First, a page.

Big Brother is watching (and judging)
Not too many years ago, when America wasn’t nearly as socially conscious or politically correct as it tries to act now, it wasn’t uncommon for financial institutions to refuse a mortgage or a loan to someone based on how ethnic a neighborhood they lived in or wanted to live in. The proper term for this type of thing is redlining and it was not an unheard of practice throughout the 20th century.
You’d think in the new millennium we would have outgrown that kind of baseless stereotyping but thanks to technology, banks can take redlining and really get creative with it: with the help of dozens of new watchdog apps, financial institutions can track your spending habits by the reams of data your smartphone spits forth day in and day out.
You’re leaving a trail
Consider this: according to recent Wall Street Journal article, the apps that smart phone’s are so vigorously tied to generate huge amounts of data like texts, emails, GPS coordinates, social-media posts, retail receipts, and the like which in turn indicates a myriad of subtle behavior patterns that correlate with loan repayment or default.
Even obscure variables such as how frequently a user recharges their phone’s battery, or how many incoming text messages they receive can impact a decision to extend credit.
It’s all about who you know
As scary as the smartphone scenario is (and to a degree it is currently being used by lenders in emerging-economy countries like Kenya) the real shocker is the potential that for lenders to use a social media platform like Facebook to create a financial profile of an individual based on that person’s social network.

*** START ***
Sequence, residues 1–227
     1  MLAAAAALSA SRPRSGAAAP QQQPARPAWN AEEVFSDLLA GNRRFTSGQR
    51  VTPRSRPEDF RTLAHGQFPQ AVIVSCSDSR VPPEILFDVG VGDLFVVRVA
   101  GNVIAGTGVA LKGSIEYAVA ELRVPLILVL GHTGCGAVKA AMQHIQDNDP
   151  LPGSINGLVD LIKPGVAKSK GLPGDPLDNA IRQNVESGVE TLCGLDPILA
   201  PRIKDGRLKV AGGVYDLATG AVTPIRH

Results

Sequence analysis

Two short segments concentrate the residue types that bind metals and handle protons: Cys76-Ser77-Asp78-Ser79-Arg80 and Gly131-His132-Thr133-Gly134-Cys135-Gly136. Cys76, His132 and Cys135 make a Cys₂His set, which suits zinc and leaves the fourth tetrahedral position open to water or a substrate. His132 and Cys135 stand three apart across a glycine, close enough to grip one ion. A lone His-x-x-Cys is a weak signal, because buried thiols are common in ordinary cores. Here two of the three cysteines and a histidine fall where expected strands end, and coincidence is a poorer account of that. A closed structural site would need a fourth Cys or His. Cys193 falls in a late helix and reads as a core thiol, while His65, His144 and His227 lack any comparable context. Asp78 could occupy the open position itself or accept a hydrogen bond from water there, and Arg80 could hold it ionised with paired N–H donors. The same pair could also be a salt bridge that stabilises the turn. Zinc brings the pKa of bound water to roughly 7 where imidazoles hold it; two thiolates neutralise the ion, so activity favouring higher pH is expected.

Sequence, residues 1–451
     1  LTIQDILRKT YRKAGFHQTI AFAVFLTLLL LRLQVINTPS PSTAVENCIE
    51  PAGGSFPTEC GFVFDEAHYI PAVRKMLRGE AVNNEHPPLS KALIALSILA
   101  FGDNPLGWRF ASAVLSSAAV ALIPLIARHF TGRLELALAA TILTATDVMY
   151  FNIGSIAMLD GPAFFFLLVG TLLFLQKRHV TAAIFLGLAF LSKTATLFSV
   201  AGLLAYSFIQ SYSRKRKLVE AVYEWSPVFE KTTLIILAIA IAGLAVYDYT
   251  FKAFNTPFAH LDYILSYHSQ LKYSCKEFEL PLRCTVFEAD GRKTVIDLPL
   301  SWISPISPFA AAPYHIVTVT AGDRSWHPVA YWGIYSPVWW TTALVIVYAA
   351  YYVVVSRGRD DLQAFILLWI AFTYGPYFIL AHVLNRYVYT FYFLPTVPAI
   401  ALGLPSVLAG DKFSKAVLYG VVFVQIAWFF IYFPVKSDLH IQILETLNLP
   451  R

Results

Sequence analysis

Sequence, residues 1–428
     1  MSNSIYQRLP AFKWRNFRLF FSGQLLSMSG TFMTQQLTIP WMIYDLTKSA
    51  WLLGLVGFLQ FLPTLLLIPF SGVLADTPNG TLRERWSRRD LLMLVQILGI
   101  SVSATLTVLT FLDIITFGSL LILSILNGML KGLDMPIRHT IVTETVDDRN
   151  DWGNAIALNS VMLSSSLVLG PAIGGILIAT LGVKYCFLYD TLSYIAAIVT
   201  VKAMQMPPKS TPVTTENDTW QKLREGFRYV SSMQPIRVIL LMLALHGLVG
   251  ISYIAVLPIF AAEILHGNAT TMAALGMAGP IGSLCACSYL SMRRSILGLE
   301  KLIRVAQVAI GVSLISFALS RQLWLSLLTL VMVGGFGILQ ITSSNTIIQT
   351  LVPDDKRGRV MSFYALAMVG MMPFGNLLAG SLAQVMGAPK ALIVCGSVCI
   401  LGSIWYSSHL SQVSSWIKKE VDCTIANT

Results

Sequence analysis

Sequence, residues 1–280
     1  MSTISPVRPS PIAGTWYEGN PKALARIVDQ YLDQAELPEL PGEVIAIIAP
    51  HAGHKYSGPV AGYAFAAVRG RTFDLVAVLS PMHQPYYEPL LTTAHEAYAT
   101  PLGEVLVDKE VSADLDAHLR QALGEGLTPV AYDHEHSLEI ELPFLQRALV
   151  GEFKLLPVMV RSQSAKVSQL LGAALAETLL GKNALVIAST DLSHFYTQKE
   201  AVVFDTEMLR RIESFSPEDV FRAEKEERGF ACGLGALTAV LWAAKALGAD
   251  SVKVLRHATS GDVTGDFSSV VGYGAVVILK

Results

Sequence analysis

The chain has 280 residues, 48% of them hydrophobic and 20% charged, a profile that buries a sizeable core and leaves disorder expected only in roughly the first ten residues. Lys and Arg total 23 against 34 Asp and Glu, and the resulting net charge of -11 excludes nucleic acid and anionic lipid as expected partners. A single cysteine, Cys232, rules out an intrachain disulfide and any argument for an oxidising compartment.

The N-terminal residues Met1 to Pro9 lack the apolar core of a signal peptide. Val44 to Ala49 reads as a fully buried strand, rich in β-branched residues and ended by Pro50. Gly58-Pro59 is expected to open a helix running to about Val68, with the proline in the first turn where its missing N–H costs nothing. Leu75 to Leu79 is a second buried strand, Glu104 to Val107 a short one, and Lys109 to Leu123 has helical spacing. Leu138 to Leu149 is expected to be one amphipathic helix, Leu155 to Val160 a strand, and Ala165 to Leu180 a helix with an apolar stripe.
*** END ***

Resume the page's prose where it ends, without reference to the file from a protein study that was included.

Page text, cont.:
Like, if your friends are well-off that’s a good thing and your loan will be approved versus if your friends with a cross-section of individuals living in a swamp somewhere and braced for the apocalypse.
Is this upholding the Equal Credit Opportunity Act?
The web version of The Atlantic spoke with Aaron Rieke, the director of tech policy at Upturn which consults civil-rights and social-justice groups on how to understand and use technology. Rieke, to his credit, understands the benefits and impacts of technology.
Says Rieke, “In the long term, it’s hard for me to imagine a future in which we’re not using more types of data to make more types of decisions.”
But in this case, creating a financial profile based on a person’s social network or smartphone habits is like playing with fire and goes against the very thing that the Equal Credit Opportunity Act was created for: preventing the collection of information about consumers and then selling that information to be used to impact credit and employment decisions.